These meetings lead to the convergence of world leaders and international organisations at the United Nations Headquarters in New York, in September 2000 where they committed themselves to addressing eight development-related issues within 15 years. Known as the Millennium Development Goals (MDGs), the focus was on the reduction of extreme poverty (defined as a daily income of less than USD1.25) by 50% in 2015 and to eventually eradicate it. Attention was also paid to some other problems that were militating against human advancement in diverse ways. These included hunger, disease, gender inequality, lack of education, poor maternal and child health, and environmental degradation also within the time span of 15 years. Well-defined targets were specified for each goal, thus producing eight MDGs with 21 targets in addition to a series of measurable indicators.

The measure of achievements is best illustrated from the United Nations Millennium Development Goals Report of 2015 fore worded by the then Secretary-General, Ban Ki Moon. He stated inter alia that

“the global mobilization behind the Millennium Development Goals has produced the most successful anti-poverty movement in history… The MDGs helped to lift more than one billion people out of extreme poverty, to make inroads against hunger, to enable more girls to attend school than ever before and to protect our planet…”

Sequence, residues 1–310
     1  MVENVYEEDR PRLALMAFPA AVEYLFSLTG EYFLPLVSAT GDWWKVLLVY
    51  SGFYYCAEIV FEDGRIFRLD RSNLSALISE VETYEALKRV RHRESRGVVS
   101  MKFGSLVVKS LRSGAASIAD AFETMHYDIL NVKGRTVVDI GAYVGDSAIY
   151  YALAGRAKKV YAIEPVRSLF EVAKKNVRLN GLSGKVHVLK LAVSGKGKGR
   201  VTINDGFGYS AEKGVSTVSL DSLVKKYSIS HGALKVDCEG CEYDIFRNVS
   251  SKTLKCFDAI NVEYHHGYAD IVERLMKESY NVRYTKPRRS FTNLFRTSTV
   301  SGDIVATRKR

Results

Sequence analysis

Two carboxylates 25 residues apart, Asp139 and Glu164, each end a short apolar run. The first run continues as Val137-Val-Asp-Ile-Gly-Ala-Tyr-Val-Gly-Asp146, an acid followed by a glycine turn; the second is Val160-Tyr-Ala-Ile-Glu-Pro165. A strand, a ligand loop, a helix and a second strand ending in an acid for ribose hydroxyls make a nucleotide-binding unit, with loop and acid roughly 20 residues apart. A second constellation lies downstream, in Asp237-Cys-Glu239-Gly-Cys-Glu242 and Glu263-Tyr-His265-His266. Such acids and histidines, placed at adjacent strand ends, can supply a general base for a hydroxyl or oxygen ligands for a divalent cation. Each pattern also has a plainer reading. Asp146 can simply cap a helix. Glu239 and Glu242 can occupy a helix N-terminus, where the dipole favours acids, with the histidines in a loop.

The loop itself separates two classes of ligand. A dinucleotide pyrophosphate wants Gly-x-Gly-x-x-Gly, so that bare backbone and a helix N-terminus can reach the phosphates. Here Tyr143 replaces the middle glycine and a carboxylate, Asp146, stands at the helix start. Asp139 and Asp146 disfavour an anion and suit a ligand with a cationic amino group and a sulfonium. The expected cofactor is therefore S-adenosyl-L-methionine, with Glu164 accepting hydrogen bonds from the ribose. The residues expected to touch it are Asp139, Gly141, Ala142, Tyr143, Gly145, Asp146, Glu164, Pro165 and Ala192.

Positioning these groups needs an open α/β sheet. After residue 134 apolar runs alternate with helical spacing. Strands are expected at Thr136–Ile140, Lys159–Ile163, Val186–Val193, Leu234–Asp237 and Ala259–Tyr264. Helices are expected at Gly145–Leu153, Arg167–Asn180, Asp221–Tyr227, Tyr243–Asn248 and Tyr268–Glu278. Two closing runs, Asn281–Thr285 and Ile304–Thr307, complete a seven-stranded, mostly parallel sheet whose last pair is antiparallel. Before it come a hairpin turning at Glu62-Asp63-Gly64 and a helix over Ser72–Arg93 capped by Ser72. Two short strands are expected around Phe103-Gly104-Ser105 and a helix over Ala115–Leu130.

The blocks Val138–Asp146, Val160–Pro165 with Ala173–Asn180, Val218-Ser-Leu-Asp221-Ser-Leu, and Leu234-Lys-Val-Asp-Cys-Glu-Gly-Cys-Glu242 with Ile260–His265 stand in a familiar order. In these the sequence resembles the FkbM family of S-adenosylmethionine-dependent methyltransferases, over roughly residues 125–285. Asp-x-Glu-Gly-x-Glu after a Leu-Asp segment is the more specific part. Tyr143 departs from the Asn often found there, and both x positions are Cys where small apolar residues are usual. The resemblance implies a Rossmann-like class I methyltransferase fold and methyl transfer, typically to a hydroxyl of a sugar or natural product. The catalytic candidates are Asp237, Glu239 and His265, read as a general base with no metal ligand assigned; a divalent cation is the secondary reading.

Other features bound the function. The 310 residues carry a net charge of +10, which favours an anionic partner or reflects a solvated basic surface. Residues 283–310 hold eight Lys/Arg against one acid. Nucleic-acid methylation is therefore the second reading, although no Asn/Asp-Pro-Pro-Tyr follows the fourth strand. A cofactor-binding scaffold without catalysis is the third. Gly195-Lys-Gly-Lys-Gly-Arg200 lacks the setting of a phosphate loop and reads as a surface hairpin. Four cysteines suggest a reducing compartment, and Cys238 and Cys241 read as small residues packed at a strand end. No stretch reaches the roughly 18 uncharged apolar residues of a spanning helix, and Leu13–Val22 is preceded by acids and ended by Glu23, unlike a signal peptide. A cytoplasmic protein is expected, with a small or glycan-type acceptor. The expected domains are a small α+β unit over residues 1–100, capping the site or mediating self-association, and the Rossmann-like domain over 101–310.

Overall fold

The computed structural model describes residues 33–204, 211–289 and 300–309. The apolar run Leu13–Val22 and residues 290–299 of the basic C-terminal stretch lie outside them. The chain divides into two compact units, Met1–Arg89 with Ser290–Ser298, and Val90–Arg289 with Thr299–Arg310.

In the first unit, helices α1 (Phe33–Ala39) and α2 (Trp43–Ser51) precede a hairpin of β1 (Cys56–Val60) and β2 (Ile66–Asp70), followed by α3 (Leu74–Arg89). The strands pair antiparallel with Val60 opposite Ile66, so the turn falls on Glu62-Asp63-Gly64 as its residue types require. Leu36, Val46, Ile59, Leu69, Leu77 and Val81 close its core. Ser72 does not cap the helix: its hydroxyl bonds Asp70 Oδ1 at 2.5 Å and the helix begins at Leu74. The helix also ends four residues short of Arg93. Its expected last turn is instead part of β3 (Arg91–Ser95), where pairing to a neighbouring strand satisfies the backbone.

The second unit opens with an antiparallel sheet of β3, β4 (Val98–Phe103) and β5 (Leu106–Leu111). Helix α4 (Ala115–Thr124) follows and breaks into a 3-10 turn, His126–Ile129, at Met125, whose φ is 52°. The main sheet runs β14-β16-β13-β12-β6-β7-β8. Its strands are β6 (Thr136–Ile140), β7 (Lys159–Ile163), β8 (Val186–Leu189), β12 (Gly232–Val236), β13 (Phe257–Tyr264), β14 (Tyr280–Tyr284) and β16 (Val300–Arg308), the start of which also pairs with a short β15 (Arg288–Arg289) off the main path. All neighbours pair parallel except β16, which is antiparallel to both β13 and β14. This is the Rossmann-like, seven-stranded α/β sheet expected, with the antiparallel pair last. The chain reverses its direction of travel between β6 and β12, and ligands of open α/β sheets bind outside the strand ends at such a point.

Specifically, with respect to the issue of poverty, which was the main trigger for the emergence of the goals, extreme poverty declined significantly over the period. In 1990, nearly one half of the population in the developing world lived on less than USD 1.25 a day; that population dropped to 14% in 2015. Furthermore, globally, the number of people who lived in extreme poverty declined by more than half, falling from 1.9 billion in 1990 to 836 million in 2015.23

However, as thrilling as these observations may be, the Secretary- General, in the same Foreword, recognised the limitations of “the remarkable gains” in these words:

 “I am keenly aware that inequalities persist and that progress has been uneven. The world’s poor remain overwhelmingly concentrated in some parts of the world…Too many women continue to die during pregnancy or from childbirth-related complications. Progress tends to bypass women and those who are lowest on the economic ladder or are disadvantaged because of their age, disability or ethnicity. Disparities between rural and urban areas remain pronounced”.

Buoyed by the successes attained, and in the recognition of the challenges to come, because “the poorest and most vulnerable people were still left behind”, the international community launched yet another set of development goals, this time, known as Sustainable Development Goals (SDGs) at the 71st Regular Session of the United Nations General Assembly in September 2016 guided by the past experience in ensuring “unswerving political will and collective long-term effort.” Unlike the 8 Millennium Goals with 21 targets, there are 17 Sustainable Goals with 169 targets.  

Sustainable Development Goals strive to reflect on the lessons of the MDGs, build on the successes attained and are billed for achievement over a-15year period in 2030. They address issues as in the preceding millennium goals and also cover wider concerns like marine life, climate change and the ecosystem.

West Africa and the Development Goals